This is another case where installers may get involved in a broader lawsuit that’s targeting as many entities as possible. In these cases, the monitoring system worked as intended and personnel were dispatched to the location. However, the incident led to injury or damage, which resulted in a lawsuit. As long as the alarm system performed as expected, installers may not have much to fear from these lawsuits.

Final Notes

If you’re concerned about your installation company facing a lawsuit, we have targeted coverage to help cover these situations. Additional coverage is available depending on the industries you work in and what specific kinds of lawsuits you may face. As usual, the best defense is being prepared and making sure both you and your clients are well-informed. It’s also a good idea to keep an eye on local regulations and building codes so you can make sure you’re avoiding liability issues wherever possible.

Source: El Dorado Insurance Agency, Inc.

How to Recognize Scams Targeting Older Adults

Financial fraud and scams targeting older adults are on the rise. Preventing these fraud schemes starts with knowing how they work and what to look out for.

Posted on May 16, 2022 by Wells Fargo | Written by Eric Best

The woman on the screen said she lived in Poland, worked for the United Nations, and had just received a huge inheritance, but she was having issues with her bank. She needed to move the money into the account of a man she was romantically involved with online. But none of this was true. She was a scammer targeting a customer’s bank account. Luckily, a Wells Fargo employee reached out to educate the man about such financial scams before he lost any money.

These fraud attempts targeting older Americans are on the rise because perpetrators know they can catch isolated or unaware older adults and other customers who may get caught up in the moment and not spot the red flags.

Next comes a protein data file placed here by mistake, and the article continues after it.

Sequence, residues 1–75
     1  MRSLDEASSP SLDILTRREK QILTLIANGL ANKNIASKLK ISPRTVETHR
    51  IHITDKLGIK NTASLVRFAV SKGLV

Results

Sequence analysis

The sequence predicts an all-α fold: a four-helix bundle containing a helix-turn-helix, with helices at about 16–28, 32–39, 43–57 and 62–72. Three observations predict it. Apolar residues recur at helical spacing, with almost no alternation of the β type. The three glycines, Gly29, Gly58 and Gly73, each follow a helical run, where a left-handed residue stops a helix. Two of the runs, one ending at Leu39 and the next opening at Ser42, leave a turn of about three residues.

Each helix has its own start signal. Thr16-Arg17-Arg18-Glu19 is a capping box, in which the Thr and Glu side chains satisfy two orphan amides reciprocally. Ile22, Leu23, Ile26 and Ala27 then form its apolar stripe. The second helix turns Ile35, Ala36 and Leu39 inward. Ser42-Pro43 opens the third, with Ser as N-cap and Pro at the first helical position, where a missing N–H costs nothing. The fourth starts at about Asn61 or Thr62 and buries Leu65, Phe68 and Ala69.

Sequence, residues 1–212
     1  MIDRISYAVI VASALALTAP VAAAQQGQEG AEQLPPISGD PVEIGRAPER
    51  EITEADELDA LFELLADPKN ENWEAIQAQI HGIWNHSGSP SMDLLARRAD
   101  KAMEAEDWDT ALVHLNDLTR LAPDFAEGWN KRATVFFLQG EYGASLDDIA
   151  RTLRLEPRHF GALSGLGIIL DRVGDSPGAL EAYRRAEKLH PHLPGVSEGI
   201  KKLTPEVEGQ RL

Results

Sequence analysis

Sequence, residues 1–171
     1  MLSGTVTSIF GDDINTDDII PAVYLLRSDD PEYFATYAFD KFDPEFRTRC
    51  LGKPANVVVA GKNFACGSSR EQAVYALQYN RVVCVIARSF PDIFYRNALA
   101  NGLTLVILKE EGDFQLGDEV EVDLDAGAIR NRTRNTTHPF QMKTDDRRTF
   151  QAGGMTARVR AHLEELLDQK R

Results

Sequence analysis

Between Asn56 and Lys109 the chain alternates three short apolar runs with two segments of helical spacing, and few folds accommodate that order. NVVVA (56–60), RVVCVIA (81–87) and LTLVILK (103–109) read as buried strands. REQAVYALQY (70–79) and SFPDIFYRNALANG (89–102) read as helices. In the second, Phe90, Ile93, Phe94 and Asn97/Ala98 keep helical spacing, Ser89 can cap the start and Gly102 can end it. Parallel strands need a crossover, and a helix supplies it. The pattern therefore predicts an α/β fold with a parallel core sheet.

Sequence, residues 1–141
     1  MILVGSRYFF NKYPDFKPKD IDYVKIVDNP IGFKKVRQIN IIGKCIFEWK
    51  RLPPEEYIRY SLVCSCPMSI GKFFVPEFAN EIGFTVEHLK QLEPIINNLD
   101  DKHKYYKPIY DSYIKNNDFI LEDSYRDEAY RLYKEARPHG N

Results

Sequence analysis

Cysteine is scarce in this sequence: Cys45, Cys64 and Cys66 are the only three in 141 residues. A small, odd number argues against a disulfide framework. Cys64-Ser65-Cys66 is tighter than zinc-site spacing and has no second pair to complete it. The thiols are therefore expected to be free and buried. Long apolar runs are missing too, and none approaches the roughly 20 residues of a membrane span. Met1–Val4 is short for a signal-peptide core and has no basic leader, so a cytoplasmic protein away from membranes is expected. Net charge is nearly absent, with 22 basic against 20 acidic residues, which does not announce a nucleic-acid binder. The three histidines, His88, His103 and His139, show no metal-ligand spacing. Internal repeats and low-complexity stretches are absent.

“With these scams, there’s a combination of pulling heartstrings, danger, and urgency. Everything operates in extremes when it comes to fraud,” said Andy Collins, a principal business consultant with Wells Fargo’s Consumer and Small Business Banking’s Fraud & Claims Management department. “The bad guys try to find that vulnerable individual who will send money.”

But when it comes to preventing scams, knowledge is power. Staying on top of the latest fraud schemes is one of the best ways of avoiding losing money to them.

“In my research, I discovered that when a consumer has existing knowledge about a particular scam, they are 60-80% less likely to respond when they are targeted,” says Dr. Marti DeLiema, a gerontology consultant with Wells Fargo’s Aging Client Services team and an assistant professor at the University of Minnesota’s School of Social Work.

Here are three common financial scams targeting older adults and how they work.

Tech imposters

Countless customers rely on tech support to use their latest gadgets, but scammers often pose as helpful customer service experts with knowledge of an unknown or nonexistent problem to gain access to sensitive information.

That’s one reason why this is the most reported scam, with more than 13,900 cases reported to the FBI in 2021 alone, according to the 2021 FBI Elder Fraud Report.

This scam may involve calls from organized criminal call centers, known as “fraud farms,” or businesses that employ fraudsters to dial up consumers with the intent of launching scam attacks, sometimes from thousands of miles away.

“This is concerning and speaks to an underlying increase in the prevalence of technology-facilitated scams, the majority of which originate from overseas and target North American consumers,” DeLiema said.

Romance con artists

The same technology that we use to connect with romantic partners can also connect us with scammers. Romance fraudsters often appear exactly like typical social and dating site users, but instead of being interested in you, they’re only in it for your money.